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Three Questions for Counselors of Real Estate Advisor Stephen B. Friedman

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Last week, Chicago-based real estate professional group The Counselors of Real Estate (CRE) released their annual "Top Ten Issues Affecting Real Estate 2013." This year's list includes factors from interest rates to potential terrorist attacks and natural disasters and it scored a lot of news coverage across the country. We talked with CRE advisor Stephen B. Friedman, president of SB Friedman Development Advisors, and asked him to weigh in on the group's findings:

Curbed: In terms of overarching themes, how would you compare this year's list of issues to last year's?

The list is intended to take a broad view and highlight issues that make the headlines – issues that often seem unrelated – and ultimately have an effect on real estate. The CRE and the CRE External Affairs Committee produced the list from discussion and surveys with the invitation-only professional organization's members. This group strives to present an objective dialogue about the issues, looking at both sides of each of them – the opportunities and the risks.

2012 was the first year The Counselors produced the list. This year it has been adapted to include more emphasis on the interest rate environment, health care and disaster recovery. These are current events that are shaping our national dialogue, and clearly have effects on real property and investments in real estate. Many of last year's issues are still issues. Of those, capital markets have become more liquid, but remain focused on major markets and core property types. The others remain, but new ones have also emerged.

Curbed: What other important issues were in the running that were ultimately left off the list? Why?

There are more than ten issues that affect real estate, of course. And some issues that were included on the 2012 list but are not represented on the current list are still highly relevant, such as student loan debt burdens and the aging of America as Baby Boomers retire (or can't retire). But actually it's more of an emphasis shift, not that these issues are not represented in the 2013 list.

For example, aging Baby Boomers are in large part the drivers of renewed development of senior communities, as well as medical facilities, diagnostic labs and physical therapy centers, which are increasingly needed as America ages. If the Baby Boomers themselves are too young to need senior housing, then it's their parents who do. Baby Boomers are very likely to be caring for their aging parents now or in the future. And by the sheer number of people in the Baby Boomer demographic, health care will continue to be an expanding area of development in real estate.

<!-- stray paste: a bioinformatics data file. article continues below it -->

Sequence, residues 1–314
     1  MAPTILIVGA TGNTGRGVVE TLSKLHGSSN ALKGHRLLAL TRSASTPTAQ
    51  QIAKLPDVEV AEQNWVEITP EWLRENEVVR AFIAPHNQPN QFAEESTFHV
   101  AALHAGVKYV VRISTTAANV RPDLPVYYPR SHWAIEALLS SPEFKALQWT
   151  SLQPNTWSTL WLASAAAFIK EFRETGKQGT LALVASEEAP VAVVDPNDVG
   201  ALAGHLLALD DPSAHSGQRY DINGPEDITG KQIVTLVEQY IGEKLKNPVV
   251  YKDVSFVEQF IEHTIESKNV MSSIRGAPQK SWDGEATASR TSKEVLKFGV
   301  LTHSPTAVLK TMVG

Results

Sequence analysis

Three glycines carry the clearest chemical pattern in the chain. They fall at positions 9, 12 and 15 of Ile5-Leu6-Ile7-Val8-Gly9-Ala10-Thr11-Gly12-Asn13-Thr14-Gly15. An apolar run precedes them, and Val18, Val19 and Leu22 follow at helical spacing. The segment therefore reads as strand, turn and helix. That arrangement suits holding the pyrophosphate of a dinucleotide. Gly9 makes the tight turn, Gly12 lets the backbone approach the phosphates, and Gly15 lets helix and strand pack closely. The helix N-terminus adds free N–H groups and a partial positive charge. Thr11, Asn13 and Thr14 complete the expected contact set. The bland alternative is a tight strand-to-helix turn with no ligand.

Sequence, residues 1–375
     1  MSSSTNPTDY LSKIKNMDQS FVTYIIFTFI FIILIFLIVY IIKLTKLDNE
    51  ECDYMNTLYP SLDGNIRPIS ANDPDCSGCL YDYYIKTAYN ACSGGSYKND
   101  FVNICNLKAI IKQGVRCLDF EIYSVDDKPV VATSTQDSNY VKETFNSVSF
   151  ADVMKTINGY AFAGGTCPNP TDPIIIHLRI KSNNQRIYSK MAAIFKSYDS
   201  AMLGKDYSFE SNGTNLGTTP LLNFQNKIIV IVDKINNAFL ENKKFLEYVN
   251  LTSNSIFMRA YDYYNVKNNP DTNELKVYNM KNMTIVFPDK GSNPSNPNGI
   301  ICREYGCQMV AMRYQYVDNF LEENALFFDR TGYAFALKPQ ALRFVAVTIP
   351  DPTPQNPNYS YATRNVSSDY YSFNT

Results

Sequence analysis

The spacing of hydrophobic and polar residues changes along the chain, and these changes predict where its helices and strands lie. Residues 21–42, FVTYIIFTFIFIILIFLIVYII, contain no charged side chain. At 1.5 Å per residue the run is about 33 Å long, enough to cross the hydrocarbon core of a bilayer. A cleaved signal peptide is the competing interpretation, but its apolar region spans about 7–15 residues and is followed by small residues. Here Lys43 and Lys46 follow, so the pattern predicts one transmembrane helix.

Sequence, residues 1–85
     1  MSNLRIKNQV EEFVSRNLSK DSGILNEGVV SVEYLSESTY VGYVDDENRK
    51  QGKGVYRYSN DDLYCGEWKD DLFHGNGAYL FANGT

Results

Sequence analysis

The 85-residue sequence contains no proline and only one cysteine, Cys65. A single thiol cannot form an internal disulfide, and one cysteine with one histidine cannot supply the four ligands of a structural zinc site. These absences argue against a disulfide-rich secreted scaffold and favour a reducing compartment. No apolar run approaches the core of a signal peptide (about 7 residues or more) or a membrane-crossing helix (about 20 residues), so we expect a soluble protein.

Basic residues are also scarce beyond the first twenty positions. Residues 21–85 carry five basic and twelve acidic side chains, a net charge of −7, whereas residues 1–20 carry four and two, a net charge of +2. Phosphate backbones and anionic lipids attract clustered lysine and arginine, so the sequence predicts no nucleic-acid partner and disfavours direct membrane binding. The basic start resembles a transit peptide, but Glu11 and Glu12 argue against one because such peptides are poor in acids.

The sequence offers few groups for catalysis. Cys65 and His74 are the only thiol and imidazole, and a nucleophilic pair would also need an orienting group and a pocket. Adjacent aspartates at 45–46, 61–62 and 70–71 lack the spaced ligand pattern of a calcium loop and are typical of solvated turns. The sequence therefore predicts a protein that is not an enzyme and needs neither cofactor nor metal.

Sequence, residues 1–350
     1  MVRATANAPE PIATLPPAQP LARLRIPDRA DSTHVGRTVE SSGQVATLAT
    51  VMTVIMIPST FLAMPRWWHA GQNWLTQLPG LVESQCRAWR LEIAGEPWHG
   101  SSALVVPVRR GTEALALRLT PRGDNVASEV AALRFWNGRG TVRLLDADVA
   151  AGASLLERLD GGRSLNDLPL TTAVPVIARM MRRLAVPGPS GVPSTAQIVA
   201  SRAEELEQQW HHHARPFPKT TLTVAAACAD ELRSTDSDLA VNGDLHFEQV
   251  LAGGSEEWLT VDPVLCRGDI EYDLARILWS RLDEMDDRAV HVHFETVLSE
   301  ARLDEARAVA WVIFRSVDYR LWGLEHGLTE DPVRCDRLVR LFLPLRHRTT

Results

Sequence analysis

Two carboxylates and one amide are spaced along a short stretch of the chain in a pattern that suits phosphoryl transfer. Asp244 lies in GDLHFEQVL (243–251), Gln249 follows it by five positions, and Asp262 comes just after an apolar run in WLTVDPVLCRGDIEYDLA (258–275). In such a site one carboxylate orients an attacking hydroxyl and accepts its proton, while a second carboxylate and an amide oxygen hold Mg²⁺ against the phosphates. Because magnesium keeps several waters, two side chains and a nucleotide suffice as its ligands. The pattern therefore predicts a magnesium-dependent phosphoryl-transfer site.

The student loan debt burden is undeniable. In this year's list, it is represented as part of the issue surrounding Echo Boomer Housing Demand. The 80 million children born between 1982 and 1995 are children of the Baby Boomers, so again, the large number of these young adults might be expected to drive housing development – but many of them are saddled with student loan debt, limiting their choices. This is likely to be a factor in the trend we are seeing in young people moving into cities instead of choosing suburbia. They are willing to trade size of housing for walkability and public transit access.

Curbed: How do these issues vary place by place -- here in Chicago, for instance?

Chicago is certainly seeing the influx of younger people to urban neighborhoods. Between students, millennials (echo boomers), and boomers, downtown Chicago within two miles of City Hall is the fastest growing downtown in America. By itself it would be the second largest city in the state. It is attracting 21st century firms due to labor force and amenity. So it is benefitting from some of the positive potential in the trends. Chicago also is vulnerable to feeling the effects of Event Risks, another issue on our Top Ten list. The Boston Marathon bombing – an event risk – sends a chill down every urbanite's spine. The central neighborhoods of Chicago might not feel a direct impact from a "Super Storm" like Hurricane Sandy, which devastated parts of the East Coast, but the risk of severe weather can be anywhere, and the Chicago area has had its share of tornadoes and flooding. Those are events you need to be aware of, but due to their unpredictability, you cannot plan for them at a specific time. And the ongoing pension funding debate in Illinois – a 2012 issue – remains unresolved and is generally agreed to be chilling investment and business growth.
·The Counselors of Real Estate [official]
·SB Friedman & Company [official]